Zurich 21 June, 2010. This week's financial sentiment tracker highlights the positivity generated towards the African communications sector and the general positive developments among analysts as the African Progress Panel´s development report was heavily analyzed by the FT. For citied analysts, telecoms growth and the established African economies of South Africa and Nigeria represented key investment areas, as does Ghana. In Europe, the Swiss National Bank´s Euro strategy came under the spotlight, and led to some doubts being cast over both currencies.
As the World Cup rolls on, the African agenda has become more prominent in the media, and the financial investigation of African economies is no exception. For economic journalists around the world, South Africa remains the key country in Africa. However, analysts are also being called on to investigate significant growth areas in Nigeria, Ghana, the Ivory Coast and Kenya. In June, the technology sector, particularly growth in telecommunications, is being viewed quite positively. “African economies are generally regarded in terms of single resources: Nigeria has oil, Ivory Coast has Cocoa and so on – but the potential uptake in mobile phones and internet communications has become apparent in June´s coverage” says Media Tenor head of economic research Matthias Vollbracht. “More importantly there are active business and political leaders, such as Mo Ibrahim and Kofi Annan´s African Progress Panel, who have become quite savvy in promoting the economic development of Africa in a positive way to Western journalists.”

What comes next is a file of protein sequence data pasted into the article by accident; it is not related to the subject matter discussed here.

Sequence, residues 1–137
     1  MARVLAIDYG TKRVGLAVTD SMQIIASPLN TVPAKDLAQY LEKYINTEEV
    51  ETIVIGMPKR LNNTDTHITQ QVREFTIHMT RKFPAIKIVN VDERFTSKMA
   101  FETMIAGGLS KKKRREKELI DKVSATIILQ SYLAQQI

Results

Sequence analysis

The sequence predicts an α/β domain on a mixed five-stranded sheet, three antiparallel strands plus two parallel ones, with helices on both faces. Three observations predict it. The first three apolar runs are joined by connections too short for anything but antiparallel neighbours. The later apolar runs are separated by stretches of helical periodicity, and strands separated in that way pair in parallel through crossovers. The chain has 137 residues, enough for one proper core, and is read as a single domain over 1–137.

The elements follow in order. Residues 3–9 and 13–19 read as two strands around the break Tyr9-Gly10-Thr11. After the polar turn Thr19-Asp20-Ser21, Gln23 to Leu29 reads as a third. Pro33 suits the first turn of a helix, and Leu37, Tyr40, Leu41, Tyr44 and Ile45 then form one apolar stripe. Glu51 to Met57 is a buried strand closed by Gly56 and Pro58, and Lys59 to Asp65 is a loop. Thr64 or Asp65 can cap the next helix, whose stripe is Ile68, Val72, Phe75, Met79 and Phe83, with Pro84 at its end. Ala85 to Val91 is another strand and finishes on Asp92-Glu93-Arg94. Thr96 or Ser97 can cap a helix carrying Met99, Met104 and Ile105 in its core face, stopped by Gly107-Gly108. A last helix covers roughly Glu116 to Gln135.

The African growth story was present in the coverage of JSE companies, with Telkom leading the analyst citations for the top 40 JSE companies in June. The growth of the Nigerian market was particularly in focus in the South African financial press, and the management story was also commented on. For Media Tenor, this represents a sea-change in African company coverage, “South African analyst coverage has usually centered on the mining sector – but the topic of African growth at the consumer level has also seen a focus on Telkom in Nigeria – it is significant that journalists are seeking out expert opinion in this area” says Vollbracht.
Agricultural commodities markets received some significant attention as a story on hedge fund losses on Coffee speculation came to light in the FT. Analyst presence in discussing the rise of coffee prices led to the overall consensus that the commodity price would most likely continue to rise. “The current coffee discussion revealed the role of speculators in the commodity market and this is a topic which economic journalists tend to take to” says Vollbracht. According to the Media Tenor researcher, there are still some real issues to work through in the agricultural markets, as supply issues around sugar, which arose due to environmental conditions in India have not yet been fully discussed. Despite the brief presence of coffee and an investigation into the aging cocoa crops of the Ivory Coast, Gold remains very much at the centre of the commodities discussion, as the continued overall instability and uncertainty remain.
Finally, the Euro crisis still appears to have some way to go before it is resolved, and over the last two weeks the Swiss National Bank´s Euro reserves have come under the spotlight. Analysts were somewhat undecided if the “artificial” support of the Swiss Franc would be effective. The end result is that sentiment for the Franc sank, although the jury is still out on the long term effects.
Media Tenor´s financial sentiment tracker will be released weekly at http//www.mediatenor.com Next week: US technology stocks, Asian economies, Real Estate markets, the Renminbi
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